'Have A Nice Dog!' by Jalal Maghout: Online Premiere
Syrian-born, German-based animation filmmaker Jalal Maghout has made a testament to the ongoing Syrian Civil War in his new animation short 'Have A Nice Dog!' (2020), now premiering online. Submitted as his Master's Thesis film in Animation Directing at Babelsberg Film University, the 2D animation short filters the war through the main character and his dog Baroud.
"In the film, I tried to deconstruct the complex feelings I experienced during my last days in Damascus (September 2013)", Maghout tells Zippy Frames. "The city, once so familiar, suddenly morphed into an alien landscape, causing me to seek a new personal space elsewhere". The film was based on both his own experiences and other people (first-hand witnesses of war situations).
"Damascus is a city where there exists a surrealistic contrast between an act or semblance of life, and the battles that are seen and heard just in the nearby countryside", he eloquently describes. " We lived in a safe district, but the helicopters and military jets flew over our house every day and bombed the surrounding areas. Just two or three kilometers away, people are bombing their homes, while at the same moment in Damascus, you can be sitting in a café. A surreal situation".
Baroud ("gunpowder') is the name of the dog in the film, and Jalal Maghout's own dog that lived with his parents; the dog experienced first-hand all those events, and being scared was the most natural reaction. "Unlike human characters, a dog cannot hide its feelings". But, as surreal and exaggerated its reactions might be, they do reflect in contrast a human defense mechanism that needs to adapt to new and unusual situations, and just 'go on'.
The danger, though, was still there both for the director and countless people who wanted to flee the country or risk dying staying there. " When I met someone during my last trip to Syria, this one thought came to me: this could be the last time I see them". Maghout wanted to use the element of freedom of movement ("a fundamental human right") in his film, at the same time acknowledging that it might be a pipedream for millions of people around the world ("countless people have been trapped in politically imposed quarantine-like conditions for decades"). And this is reflected very vividly in the film's own story -Maghout still keeps family ties to Syria.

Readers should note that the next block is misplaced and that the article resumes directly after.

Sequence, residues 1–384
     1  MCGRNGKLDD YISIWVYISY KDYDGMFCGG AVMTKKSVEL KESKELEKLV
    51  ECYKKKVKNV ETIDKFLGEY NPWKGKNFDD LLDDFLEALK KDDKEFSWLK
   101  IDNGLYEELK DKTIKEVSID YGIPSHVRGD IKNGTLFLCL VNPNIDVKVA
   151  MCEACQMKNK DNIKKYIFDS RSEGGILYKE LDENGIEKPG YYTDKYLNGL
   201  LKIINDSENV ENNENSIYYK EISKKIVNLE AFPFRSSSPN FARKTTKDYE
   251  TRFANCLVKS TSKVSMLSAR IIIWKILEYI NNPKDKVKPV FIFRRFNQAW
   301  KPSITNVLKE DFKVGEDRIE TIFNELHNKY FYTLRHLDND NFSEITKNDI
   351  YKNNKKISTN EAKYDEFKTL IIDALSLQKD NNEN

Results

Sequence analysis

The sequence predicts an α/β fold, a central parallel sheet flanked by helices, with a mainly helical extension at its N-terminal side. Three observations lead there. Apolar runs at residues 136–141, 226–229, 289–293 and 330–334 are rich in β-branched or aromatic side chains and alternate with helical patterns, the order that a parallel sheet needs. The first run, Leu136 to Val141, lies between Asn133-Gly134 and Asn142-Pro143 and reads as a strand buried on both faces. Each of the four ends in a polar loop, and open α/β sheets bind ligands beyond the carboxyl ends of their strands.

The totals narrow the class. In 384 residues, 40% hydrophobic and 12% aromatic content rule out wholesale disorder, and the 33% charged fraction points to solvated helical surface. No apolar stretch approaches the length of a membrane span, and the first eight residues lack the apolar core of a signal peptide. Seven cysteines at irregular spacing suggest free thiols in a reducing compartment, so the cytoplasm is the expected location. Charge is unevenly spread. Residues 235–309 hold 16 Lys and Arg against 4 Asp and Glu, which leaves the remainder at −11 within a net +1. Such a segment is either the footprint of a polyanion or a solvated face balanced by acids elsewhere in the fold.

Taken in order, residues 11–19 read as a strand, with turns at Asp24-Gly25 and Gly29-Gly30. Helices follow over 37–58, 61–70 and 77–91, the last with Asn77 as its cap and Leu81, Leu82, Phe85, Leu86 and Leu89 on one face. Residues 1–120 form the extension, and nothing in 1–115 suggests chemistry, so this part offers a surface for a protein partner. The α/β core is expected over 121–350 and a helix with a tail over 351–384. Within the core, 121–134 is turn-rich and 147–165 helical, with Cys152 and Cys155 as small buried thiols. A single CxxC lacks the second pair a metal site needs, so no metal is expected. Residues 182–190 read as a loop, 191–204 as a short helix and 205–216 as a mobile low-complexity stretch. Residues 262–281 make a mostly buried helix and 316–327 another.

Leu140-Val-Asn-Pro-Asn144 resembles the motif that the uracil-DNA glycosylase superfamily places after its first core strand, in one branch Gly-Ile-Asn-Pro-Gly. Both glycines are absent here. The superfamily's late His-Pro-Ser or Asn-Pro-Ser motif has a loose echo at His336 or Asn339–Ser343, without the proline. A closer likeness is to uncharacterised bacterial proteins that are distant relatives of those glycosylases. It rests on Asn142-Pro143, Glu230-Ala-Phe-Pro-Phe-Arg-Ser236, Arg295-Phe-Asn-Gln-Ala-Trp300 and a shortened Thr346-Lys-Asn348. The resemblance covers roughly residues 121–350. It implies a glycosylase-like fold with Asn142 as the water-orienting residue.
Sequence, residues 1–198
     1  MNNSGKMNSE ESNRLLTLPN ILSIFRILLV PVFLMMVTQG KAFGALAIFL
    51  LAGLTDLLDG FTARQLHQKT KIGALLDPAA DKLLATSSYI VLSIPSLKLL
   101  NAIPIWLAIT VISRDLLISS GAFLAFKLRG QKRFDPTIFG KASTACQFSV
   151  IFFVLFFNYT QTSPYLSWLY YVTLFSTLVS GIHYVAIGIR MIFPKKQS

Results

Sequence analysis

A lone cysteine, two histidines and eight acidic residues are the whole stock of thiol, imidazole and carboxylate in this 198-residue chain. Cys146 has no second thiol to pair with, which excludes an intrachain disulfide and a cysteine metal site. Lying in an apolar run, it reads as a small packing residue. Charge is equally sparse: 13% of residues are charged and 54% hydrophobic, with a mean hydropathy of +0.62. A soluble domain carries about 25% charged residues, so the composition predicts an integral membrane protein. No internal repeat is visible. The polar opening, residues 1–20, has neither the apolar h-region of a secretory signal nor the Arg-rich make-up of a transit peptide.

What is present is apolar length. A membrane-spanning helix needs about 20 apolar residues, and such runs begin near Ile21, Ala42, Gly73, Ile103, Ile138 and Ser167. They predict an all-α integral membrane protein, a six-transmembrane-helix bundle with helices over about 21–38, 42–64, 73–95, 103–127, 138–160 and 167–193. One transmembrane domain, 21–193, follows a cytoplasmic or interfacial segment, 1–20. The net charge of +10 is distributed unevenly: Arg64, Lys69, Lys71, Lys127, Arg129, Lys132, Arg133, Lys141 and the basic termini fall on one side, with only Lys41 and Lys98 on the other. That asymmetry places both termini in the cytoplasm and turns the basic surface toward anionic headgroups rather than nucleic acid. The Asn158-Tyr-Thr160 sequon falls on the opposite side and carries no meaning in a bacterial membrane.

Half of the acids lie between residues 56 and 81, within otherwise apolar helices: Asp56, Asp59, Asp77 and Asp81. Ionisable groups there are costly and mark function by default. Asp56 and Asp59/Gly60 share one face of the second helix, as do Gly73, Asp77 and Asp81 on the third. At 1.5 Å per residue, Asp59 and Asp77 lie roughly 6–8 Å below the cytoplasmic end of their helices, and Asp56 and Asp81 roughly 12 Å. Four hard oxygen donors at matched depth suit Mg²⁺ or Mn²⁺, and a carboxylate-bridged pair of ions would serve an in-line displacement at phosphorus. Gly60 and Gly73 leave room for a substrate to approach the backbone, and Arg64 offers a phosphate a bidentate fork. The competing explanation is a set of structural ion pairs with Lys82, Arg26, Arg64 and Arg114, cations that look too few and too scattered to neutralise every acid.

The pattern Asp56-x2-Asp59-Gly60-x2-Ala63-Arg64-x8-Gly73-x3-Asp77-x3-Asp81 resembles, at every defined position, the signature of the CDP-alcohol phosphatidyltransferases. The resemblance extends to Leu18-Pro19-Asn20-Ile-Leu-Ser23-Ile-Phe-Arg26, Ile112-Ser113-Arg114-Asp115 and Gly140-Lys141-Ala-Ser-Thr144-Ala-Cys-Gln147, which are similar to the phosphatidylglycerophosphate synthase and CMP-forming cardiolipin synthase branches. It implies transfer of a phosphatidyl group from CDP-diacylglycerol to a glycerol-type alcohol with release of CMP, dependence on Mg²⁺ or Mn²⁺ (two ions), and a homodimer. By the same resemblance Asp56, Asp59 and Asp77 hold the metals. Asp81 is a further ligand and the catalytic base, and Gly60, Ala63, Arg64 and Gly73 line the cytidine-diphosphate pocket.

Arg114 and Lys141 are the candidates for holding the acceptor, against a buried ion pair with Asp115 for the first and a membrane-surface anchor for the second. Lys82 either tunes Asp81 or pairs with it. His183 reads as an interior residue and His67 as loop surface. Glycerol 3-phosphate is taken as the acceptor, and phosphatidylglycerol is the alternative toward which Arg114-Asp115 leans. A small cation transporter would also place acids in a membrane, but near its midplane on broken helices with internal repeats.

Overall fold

Those harrowing events get transformed directorially into a similar yet even more distorted image in the film. "I do believe that the same event can be different according to the perception. In fact, reality undergoes a sort of multiplication every time it is perceived". Yet Maghout's own predicament (he still keeps family ties to Syria) makes this fictional situation not too far removed from reality -even if artistically modified to deliver it emotionally.
In terms of preparation, most of the main elements were already on storyboard. But his working with a limited crew number made him explore both spontaneity and the guidance of creativity, something that he enjoyed ("This flexibility allows my imagination to introduce unexpected details into the work").
Jalal Maghout feels a continuous thread with his earlier film 'Up Here, With the White Gods'. But he identifies as the crucial element in 'Have A Nice Dog!' to find ways to realize "a surreal spatiality. "The main character traverses a landscape defined by his delusions and imaginations. The mixing of different techniques was the way to create the spaces that oscillate between fluidity and groundedness, facilitating spatial transitions".
Watch 'Have A Nice Dog!':
In turn, this translated into pencils, ink, aquarelle and paper collage as the main techniques of animating in 'Have A Nice Dog!', both hand-drawn and digitally (Moho, After Effects), and in harmony with Jalal Maghout's Fine Arts background. The film has a 3D feel, but no 3D software was used. "I created the three-dimensional feel in some scenes by manipulating 2D layers. In some shots for example, the face of a character consists of about 15 2D layers painted on paper, by combining them together and animating them separately you even get that 3D feel of the face".
A fact that cannot be missed by watching the almost cubical faces of the dog and the main character. "Most of the film is mainly how the main character perceives the world, the rather disrupted world, and the way how he sees the faces that are trying to be normal; the way how he tries every day to escape these faces to finally reach his sofa, his safe shelter, where he starts to dive in his episodes of introspections and imaginations, waiting for a chance to escape the whole place".